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Net unrealized appreciation: The untold story

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By Doug Awad

If you participate in a 401(k), ESOP, or other qualified retirement plan that lets you invest in your employer’s stock, you need to know about net unrealized appreciation – a simple tax deferral opportunity with an unfortunately complicated name. When you receive a distribution from your employer’s retirement plan, the distribution is generally taxable to you at ordinary income tax rates.

A common way of avoiding immediate taxation is to make a tax-free rollover to a traditional IRA. However, when you ultimately receive distributions from the IRA, they’ll also be taxed at ordinary income tax rates. (Special rules apply to Roth and other after-tax contributions that are generally tax free when distributed).

But if your distribution includes employer stock (or other employer securities), you may have another option – you may be able to defer paying tax on the portion of your distribution that represents net unrealized appreciation (NUA). You won’t be taxed on the NUA until you sell your stock.

What’s more, the NUA will be taxed at long-term capital gains rates which are typically lower than ordinary income tax rates. This strategy can result in significant saving.

What is net unrealized appreciation? A distribution of employer stock consists of two parts: (1) the cost basis (this is the value of the stock when it was contributed to, or purchased by your plan) and (2) any increase in value over the cost basis until the date the stock is distributed to you. This increase in value over basis, fixed at the time the stock is distributed in-kind to you, is the NUA.

How does the NUA tax strategy work? At the time you receive a lump sum distribution that includes employer stock you’ll pay ordinary income tax only on the cost basis in the employer securities. You won’t pay tax on the NUA until you sell the securities. At that time the NUA is taxed at long-term capital gains rates, no matter how long you’ve held the securities outside the plan (even if only a single say).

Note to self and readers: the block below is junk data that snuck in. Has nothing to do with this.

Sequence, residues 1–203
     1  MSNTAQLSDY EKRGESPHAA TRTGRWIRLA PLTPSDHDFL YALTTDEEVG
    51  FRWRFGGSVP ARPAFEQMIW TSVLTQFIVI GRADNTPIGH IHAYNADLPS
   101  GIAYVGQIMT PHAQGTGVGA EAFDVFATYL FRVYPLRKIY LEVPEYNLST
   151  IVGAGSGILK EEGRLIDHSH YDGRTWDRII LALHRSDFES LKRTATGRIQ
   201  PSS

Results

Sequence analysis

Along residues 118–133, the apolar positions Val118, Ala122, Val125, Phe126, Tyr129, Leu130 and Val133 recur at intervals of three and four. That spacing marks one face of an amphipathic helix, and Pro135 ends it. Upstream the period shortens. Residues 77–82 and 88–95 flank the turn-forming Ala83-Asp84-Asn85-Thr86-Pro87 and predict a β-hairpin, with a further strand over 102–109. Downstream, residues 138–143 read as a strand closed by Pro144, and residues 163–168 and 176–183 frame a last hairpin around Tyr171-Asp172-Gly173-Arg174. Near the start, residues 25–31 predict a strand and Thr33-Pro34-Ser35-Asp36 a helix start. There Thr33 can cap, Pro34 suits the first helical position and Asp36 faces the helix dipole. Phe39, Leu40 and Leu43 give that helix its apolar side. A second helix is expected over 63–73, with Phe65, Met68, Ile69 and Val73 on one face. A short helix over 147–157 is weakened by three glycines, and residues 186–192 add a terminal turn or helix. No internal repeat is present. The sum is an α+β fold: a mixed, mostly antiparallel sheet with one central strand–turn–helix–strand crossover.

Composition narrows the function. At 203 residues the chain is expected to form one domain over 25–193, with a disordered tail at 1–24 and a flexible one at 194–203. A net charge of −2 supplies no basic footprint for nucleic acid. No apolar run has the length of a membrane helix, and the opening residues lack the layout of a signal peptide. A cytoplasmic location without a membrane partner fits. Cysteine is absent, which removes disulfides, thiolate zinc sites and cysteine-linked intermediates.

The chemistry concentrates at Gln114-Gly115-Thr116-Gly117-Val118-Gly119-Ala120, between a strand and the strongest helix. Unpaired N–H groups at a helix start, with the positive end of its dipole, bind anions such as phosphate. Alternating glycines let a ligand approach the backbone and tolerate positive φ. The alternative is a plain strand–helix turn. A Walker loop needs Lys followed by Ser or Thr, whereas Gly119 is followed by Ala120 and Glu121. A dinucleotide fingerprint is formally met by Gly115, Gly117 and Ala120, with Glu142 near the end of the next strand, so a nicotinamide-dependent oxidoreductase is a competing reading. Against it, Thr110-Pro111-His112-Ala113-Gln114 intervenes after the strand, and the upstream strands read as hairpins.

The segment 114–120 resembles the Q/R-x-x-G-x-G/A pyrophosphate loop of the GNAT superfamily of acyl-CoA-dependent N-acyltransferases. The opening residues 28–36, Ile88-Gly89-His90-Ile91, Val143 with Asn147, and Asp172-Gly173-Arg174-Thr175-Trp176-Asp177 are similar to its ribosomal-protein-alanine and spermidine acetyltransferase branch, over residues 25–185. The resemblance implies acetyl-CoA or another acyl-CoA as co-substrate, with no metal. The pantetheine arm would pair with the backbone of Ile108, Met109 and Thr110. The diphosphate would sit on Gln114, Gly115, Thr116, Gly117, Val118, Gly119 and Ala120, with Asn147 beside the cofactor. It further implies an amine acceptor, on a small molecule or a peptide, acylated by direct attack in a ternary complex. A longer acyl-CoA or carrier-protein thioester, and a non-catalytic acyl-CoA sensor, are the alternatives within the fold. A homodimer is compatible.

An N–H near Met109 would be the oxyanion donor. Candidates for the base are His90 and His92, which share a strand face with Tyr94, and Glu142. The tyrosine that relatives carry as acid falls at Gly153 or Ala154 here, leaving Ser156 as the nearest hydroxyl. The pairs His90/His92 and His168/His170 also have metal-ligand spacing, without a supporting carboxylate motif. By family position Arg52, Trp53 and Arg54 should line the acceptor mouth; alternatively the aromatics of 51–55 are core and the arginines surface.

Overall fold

Any appreciation at the time of sale in excess of your NUA is taxed as either short-term or long-term capital gain, depending on how long you’ve held the stock outside the plan.

For example, you receive a lump sum distribution from your 401(k) plan consisting of $100,000 of employer stock. The cost basis is $50,000. You are taxed on the cost basis of $50,000 as ordinary income.

There is also $50,000 of UNA as the value of the stock was $100,000. If you sell the stock a year later for $100,000, you will owe capital gains tax on the $50,000 profit.

If your distribution includes cash in addition to stock, you can either roll the cash over into an IRA or take it as taxable distribution. And you don’t have to use the NUA strategy for all employer stock. You can roll a portion into an IRA and apply NUA treatment to the rest.

What is a lump sum distribution? In general you’re only allowed to use these favorable NUA tax rules if you receive the employer securities as part of a lump sum distribution.

To qualify as a lump sum distribution, it must be a distribution of the entire balance, within a single tax year, from all your employer’s qualified plans of the same type (that is, all pension, profit sharing, or stock bonus plans). Also, the distribution must be paid after you reach 59½, or as a result of your separation from service, or after your death.

There is one exception. Even if your distribution doesn’t qualify as a lump sum, any securities distributed from the plan that were purchased with your after tax (non-Roth) contributions will be eligible for NUA tax treatment.

NUA is for beneficiaries and heirs: If you die while you still hold employer securities in your retirement plan, your plan beneficiary can also use the NUA tax strategy if he /she receives a lump sum distribution.

The taxation is generally the same as if you had received the distribution. (The stock doesn’t receive step-up in basis, though).

If you’ve already received a distribution of employer stock, elected the NUA tax treatment, and die before you sell the stock, your heirs will have to pay long-term capital gains on the NUA when he or she sells the stock. However, any appreciation as of the date of death in excess of the NUA will forever escape taxation because, in this case, this tock will receive a step up in basis.

When is NUA treatment the best choice? In general, the NUAS strategy makes the most sense for individuals who have a large amount of NUA and a relatively small cost basis. However, what is right for you depends on many variables. It is best to consult your financial advisor and tax consultant to determine what is best for you.

If you have questions, call Doug Awad at 854-6866, or e-mail Doug.Awad@raymondjeames.com. He is a resident on the 200 Corridor and his office is on 31st Road, adjacent to Paddock Mall.

This information was partially developed by Forefield. Inc., an independent third party It is general in nature, is not a complete statement of all information necessary for making an investment decision, and is not a recommendation to buy or sell any security.

Investment6s and strategies mentioned may not be suitable for all investors. Past performance may not be indicative of future results. Raymond James & Associates, Inc. does not provide advice on tax, legal, or mortgage issues. These matters should be discussed with an appropriate professional.